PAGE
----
Then when asked my follow-up question Craig stumbles a bit. Did you hear it? All he seems to conclude is that this witness reveals that God exists and that a person has assurance she is saved. And that isn’t even an answer, for we still need to know more about this God (a pantheist god, is after all, a God), why we need to be saved, from what do we need saved, how we are saved, what we must do in response to his offer of salvation, and so forth, and so on. He even admits he doesn’t know exactly where the limits are. These limits are “vague” and “ambiguous,” which is so good of a dodge that Sarah Palin would be proud of the way he handled the question!

Even to suggest, as Harris does, that such a witness “starts the regenerative process,” doesn’t help. For Craig affirms he knows the truth of Christianity by this inner witness of the Spirit! If this so-called witness merely starts some process, then how it ends that process isn’t explained! Point in fact, Craig would claim that there are essential propositional truths that someone must believe in to be saved. He would not think a liberal Christian is saved, who does not believe in the bodily resurrection of Jesus, or someone who didn’t believe Jesus was God in the flesh, or someone who didn’t accept the Trinitarian God. These are propositional truths and they are based upon historical claims (who, for instance, would claim to know Jesus arose from the dead purely on philosophical grounds--not even Swinburne!?). For Craig, there are essential propositional truths that when believed make someone a Christian. Why then doesn't Craig say the inner witness of the Holy Spirit reveals all of the essential propositional truths necessary for salvation?

Then he finally turns the tables on me. He chuckles while he says, “Why should he (that is me) be setting the standard as to what [content] God wants to provide?” Again, this all assumes he is correct about everything he argues for, doesn’t it? Who sets the standard? Well, the obvious answer is that the rules of evidence and the reasonableness of argumentation set the standard for what I can believe, and that’s it. If there is a reasonable God he should know what those standards are, otherwise he’s asking us to believe against the standards that reasonable people demand, those that he supposedly created in us. It’s simply not reasonable to believe the inner witness of the Holy Spirit is available to everyone, or that it should be used as an excuse for believing without access to the available evidence. The bottom line is that if the Holy Spirit provides its own sufficient evidence to believe, then it should also provide all of the necessary and essential propositional content to the believer for being saved. That’s something I don’t hear Craig saying, because this very content is derived soley from the probability of historical investigations, and those conclusions can only result in some level of probability.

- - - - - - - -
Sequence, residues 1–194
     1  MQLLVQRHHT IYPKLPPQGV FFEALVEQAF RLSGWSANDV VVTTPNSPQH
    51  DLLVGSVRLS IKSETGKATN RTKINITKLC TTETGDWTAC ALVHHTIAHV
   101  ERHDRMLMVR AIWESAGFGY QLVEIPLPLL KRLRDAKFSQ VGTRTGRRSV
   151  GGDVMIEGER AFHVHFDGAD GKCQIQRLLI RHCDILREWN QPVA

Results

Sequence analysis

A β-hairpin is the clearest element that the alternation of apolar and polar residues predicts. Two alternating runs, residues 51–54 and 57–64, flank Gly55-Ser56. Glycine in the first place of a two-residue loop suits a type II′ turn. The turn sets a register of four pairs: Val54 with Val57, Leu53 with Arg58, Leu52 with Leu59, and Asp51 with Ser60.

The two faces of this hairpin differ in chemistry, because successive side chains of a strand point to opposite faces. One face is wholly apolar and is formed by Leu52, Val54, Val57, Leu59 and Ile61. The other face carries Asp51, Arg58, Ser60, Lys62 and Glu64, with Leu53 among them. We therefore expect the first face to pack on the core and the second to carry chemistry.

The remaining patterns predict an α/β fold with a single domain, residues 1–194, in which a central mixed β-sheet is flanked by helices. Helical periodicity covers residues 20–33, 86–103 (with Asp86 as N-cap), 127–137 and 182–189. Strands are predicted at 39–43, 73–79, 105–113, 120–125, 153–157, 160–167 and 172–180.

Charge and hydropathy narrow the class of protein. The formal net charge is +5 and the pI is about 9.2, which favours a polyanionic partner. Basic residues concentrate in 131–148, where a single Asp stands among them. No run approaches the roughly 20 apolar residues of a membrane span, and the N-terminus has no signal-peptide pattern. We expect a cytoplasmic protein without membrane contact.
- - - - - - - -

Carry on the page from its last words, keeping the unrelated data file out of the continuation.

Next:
32 comments:

Jason Long said...

It's good that you finally got an answer out of this guy. His circular reasoning is quite obvious, and I agree with just about everything you state here.

However I question your methodology of saying there is a 49% probability of his claims. Each method is used to test the same conclusion, which should be approached through meta-analysis. If point 1 supported the conclusion 70%, and point 2 supported the same conclusion 70%, the likelihood of the conclusion being correct is 91%. He would have to hit that 30% chance back-to-back, which would only happen 9% of the time.